According to a 24 Aug 1981 HR article, Demme had considered casting singer-songwriter Bruce Springsteen as Lucky, while the 27 Feb 1989 issue of People magazine revealed that actress Mary Steenburgen was originally hired to play Hazel. When Steenburgen was forced to relinquish the role due to pregnancy, she recommended her friend, Christine Lahti, as her replacement.
       A 24 Feb 1983 HR item indicated that principal photography was scheduled to begin 28 Feb 1983. As reported by the 22 May 1983 NYT, two months of steady rain in Southern California nearly destroyed a set built on the Santa Monica Pier and delayed shooting of the film’s opening roller rink sequence until late Mar 1983. Production notes in AMPAS library files state that the Hughes Helicopters factory in Culver City doubled as the “MacBride Aircraft Company.” Interiors were shot at the abandoned Byron-Jackson Pump Company warehouse in the Los Angeles suburb of Vernon, which housed thirty vintage airplanes that had been shipped from a private contractor in Florida specially for the film. For scenes depicting Kay's domestic life, a bungalow-style apartment complex in San Pedro was duplicated to scale at Burbank Studiosdios. Additional locations included the USS Lang, a frigate docked at the Long Beach Naval Shipyard; San Pedro's Fort MacArthur and Cabrillo Beach; the HON Industries manufacturing plant in Los Angeles; the Huntington-Sheraton Hotel in Pasadena; and the Masonic Temple in Long Beach. A 2 Jun 1983 DV item announced the completion of production.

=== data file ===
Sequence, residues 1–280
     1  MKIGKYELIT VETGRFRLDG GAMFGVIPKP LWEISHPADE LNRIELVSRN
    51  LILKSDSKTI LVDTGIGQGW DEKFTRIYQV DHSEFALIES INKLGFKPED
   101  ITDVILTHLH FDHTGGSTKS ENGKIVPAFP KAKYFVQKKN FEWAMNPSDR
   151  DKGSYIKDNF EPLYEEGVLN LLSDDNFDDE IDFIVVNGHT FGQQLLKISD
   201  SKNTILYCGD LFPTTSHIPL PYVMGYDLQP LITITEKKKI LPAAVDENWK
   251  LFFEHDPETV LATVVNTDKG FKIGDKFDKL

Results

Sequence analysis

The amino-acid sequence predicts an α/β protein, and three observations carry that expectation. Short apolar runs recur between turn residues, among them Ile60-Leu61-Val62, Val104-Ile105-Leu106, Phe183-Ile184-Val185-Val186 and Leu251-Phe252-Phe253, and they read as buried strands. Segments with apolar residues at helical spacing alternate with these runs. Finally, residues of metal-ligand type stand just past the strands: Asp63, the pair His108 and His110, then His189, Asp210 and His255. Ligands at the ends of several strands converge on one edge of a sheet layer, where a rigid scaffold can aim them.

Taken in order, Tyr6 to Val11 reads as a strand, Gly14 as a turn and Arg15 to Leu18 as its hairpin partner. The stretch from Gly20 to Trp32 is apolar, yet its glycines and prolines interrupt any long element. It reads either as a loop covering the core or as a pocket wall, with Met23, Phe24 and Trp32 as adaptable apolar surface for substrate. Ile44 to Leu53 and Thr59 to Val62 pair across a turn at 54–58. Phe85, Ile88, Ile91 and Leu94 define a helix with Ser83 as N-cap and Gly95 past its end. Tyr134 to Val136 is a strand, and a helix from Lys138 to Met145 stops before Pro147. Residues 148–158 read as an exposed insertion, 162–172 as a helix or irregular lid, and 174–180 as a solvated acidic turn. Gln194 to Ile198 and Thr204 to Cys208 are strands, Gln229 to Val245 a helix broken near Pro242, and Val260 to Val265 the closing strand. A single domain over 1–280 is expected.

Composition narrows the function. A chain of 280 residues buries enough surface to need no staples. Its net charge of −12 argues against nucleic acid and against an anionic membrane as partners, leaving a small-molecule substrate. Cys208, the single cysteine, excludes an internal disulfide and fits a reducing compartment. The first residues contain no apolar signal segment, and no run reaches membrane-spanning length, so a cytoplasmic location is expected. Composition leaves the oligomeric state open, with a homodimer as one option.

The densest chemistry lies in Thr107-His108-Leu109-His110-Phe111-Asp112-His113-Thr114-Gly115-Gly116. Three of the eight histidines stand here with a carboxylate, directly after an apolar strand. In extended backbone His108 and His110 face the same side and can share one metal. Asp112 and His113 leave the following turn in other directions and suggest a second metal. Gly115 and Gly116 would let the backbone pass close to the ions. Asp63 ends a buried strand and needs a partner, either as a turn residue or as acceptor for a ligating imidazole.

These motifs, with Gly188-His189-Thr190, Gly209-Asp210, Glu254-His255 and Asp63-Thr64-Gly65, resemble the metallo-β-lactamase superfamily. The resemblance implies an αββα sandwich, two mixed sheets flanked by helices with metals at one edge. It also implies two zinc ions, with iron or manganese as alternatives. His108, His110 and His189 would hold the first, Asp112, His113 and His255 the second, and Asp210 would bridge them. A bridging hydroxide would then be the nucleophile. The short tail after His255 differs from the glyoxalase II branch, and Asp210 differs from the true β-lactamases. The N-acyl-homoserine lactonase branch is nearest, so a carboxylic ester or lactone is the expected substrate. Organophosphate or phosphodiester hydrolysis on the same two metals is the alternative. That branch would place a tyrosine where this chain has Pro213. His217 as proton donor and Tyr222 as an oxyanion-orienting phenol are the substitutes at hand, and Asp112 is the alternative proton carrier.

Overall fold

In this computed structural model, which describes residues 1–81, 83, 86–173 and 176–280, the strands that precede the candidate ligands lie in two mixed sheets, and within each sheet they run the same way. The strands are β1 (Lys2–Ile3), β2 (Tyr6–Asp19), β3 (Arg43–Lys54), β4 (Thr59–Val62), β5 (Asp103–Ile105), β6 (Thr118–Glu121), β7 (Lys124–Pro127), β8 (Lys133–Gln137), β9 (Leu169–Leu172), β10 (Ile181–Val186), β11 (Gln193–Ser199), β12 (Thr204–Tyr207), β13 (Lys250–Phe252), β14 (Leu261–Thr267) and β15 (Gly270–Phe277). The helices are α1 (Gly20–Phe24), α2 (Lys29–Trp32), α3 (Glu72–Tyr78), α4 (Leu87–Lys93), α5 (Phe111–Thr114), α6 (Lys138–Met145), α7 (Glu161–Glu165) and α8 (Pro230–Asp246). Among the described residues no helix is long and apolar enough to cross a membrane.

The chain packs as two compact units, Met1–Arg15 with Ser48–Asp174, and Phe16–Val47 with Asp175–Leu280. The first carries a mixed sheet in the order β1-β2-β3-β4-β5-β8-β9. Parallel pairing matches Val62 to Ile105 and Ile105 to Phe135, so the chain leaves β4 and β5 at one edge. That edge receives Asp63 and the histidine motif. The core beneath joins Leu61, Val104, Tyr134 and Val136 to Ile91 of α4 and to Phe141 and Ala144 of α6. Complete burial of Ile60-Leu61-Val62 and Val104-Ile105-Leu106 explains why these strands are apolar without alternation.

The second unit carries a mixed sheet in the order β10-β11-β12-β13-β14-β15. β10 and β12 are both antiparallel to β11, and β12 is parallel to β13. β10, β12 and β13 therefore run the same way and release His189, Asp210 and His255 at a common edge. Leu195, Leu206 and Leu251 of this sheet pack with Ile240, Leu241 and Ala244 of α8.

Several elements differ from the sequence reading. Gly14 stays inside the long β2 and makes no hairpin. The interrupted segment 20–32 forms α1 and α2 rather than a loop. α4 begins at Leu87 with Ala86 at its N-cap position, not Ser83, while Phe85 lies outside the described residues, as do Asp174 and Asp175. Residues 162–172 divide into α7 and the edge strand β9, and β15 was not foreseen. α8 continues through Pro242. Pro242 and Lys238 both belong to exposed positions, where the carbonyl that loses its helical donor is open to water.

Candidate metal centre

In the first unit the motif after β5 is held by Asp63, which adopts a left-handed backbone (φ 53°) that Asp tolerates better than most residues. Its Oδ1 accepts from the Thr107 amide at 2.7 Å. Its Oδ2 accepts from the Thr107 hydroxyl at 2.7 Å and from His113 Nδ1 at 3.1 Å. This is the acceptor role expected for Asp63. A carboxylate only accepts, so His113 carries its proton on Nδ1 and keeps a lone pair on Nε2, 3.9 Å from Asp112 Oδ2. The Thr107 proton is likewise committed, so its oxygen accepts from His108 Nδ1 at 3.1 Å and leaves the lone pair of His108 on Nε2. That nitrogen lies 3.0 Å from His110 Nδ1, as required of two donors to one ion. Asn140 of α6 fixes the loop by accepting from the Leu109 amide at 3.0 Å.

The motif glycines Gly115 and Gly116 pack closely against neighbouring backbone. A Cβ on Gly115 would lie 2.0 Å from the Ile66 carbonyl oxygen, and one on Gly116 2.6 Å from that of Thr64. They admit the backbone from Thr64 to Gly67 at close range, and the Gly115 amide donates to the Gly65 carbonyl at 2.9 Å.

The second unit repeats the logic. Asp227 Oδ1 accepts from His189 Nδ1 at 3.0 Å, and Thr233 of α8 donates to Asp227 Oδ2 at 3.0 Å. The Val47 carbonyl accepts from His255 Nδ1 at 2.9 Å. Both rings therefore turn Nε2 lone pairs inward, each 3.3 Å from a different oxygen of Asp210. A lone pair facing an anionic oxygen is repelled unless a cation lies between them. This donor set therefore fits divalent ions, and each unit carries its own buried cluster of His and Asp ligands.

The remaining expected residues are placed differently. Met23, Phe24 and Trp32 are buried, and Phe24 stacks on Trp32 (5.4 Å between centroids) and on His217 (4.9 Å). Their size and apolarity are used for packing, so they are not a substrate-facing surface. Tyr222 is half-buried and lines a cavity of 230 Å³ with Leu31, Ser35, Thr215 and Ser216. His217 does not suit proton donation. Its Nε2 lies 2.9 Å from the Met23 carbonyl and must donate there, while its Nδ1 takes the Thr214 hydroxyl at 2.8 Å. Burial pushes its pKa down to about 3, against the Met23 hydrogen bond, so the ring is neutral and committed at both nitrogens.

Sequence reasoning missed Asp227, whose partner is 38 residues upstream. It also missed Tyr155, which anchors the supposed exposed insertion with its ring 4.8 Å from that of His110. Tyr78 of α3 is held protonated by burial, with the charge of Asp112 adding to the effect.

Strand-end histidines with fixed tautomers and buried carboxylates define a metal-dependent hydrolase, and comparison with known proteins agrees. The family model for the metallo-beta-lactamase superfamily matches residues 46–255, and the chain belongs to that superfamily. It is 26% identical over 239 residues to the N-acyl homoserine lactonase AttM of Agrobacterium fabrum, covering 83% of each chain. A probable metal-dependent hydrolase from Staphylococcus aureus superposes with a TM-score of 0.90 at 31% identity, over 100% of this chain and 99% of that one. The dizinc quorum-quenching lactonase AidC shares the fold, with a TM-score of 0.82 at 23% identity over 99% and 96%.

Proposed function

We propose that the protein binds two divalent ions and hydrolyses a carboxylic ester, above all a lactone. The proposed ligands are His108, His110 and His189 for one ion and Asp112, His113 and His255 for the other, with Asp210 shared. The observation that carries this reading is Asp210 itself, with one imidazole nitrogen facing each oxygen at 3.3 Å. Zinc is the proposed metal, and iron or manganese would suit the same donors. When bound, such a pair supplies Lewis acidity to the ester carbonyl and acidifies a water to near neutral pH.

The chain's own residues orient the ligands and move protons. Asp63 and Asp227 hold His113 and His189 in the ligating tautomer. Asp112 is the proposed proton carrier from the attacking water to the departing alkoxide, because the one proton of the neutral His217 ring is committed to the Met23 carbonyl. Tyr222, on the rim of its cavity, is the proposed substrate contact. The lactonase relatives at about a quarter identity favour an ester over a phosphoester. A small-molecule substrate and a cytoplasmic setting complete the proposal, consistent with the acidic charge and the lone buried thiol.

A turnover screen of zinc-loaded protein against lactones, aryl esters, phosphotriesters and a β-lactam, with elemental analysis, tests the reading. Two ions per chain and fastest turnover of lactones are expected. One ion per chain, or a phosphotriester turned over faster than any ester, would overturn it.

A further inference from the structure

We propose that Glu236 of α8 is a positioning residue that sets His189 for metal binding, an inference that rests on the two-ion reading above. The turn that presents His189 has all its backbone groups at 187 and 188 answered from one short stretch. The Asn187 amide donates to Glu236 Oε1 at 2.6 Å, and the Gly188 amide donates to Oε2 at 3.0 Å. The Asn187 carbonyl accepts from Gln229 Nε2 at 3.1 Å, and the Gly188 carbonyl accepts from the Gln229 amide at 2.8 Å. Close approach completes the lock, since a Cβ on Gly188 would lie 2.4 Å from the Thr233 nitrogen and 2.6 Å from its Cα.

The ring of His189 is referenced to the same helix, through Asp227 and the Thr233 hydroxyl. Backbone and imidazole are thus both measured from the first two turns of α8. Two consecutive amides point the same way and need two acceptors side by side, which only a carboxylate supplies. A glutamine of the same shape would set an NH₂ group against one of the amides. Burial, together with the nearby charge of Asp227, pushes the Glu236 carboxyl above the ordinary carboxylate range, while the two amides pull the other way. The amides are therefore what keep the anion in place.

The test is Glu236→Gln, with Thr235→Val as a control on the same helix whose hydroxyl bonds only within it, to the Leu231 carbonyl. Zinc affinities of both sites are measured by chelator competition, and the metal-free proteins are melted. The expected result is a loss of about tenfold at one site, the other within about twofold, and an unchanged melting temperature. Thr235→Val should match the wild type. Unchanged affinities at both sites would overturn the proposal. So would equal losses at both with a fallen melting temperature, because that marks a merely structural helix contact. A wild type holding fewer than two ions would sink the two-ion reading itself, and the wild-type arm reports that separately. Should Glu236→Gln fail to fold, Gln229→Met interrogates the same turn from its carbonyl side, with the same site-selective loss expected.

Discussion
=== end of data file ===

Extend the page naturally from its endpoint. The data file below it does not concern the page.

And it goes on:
While Demme’s initial cut of the film focused the friendship between Kay and Hazel, a 27 Apr 1984 LAHEXam article suggested that Hawn felt she had been “upstaged” by her relatively unknown co-star, and ordered additional scenes from screenwriter Robert Towne in Dec 1983. According to the 3 Feb 1984 LAT, the new pages were intended to make Hawn’s character “more sympathetic” and emphasize her onscreen love triangle with Kurt Russell and Ed Harris. The changes brought the total cost to $15--$17 million and pushed the Feb 1984 release date to 13 Apr 1984.
       During re-shoots, Demme professed he was “profoundly disappointed” by the material, and felt that only two of the additional thirty minutes were suitable to include in the final cut. After testing Demme’s version of the film, Warner Bros. sided with Hawn, who was under contract with the studio for at least two more films. The director and editor Craig McKay walked away from the project and the studio completed editing. Bruce Langhorne’s swing-inspired score was replaced with music by composer Patrick Williams.